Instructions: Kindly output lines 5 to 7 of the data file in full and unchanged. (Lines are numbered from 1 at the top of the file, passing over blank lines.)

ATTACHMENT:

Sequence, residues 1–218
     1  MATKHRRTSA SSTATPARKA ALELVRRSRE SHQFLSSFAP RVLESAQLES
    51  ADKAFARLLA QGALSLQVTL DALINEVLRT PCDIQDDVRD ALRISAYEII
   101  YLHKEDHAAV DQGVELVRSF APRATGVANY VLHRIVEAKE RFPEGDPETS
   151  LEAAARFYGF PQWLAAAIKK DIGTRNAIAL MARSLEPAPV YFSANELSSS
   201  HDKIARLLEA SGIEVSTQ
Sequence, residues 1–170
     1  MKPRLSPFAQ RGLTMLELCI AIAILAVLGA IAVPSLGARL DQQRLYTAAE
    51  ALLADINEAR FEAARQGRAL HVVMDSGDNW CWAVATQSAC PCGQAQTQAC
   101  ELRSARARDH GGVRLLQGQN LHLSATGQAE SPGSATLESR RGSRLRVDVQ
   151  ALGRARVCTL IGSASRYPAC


   151  LEAAARFYGF PQWLAAAIKK DIGTRNAIAL MARSLEPAPV YFSANELSSS
   201  HDKIARLLEA SGIEVSTQ
Sequence, residues 1–170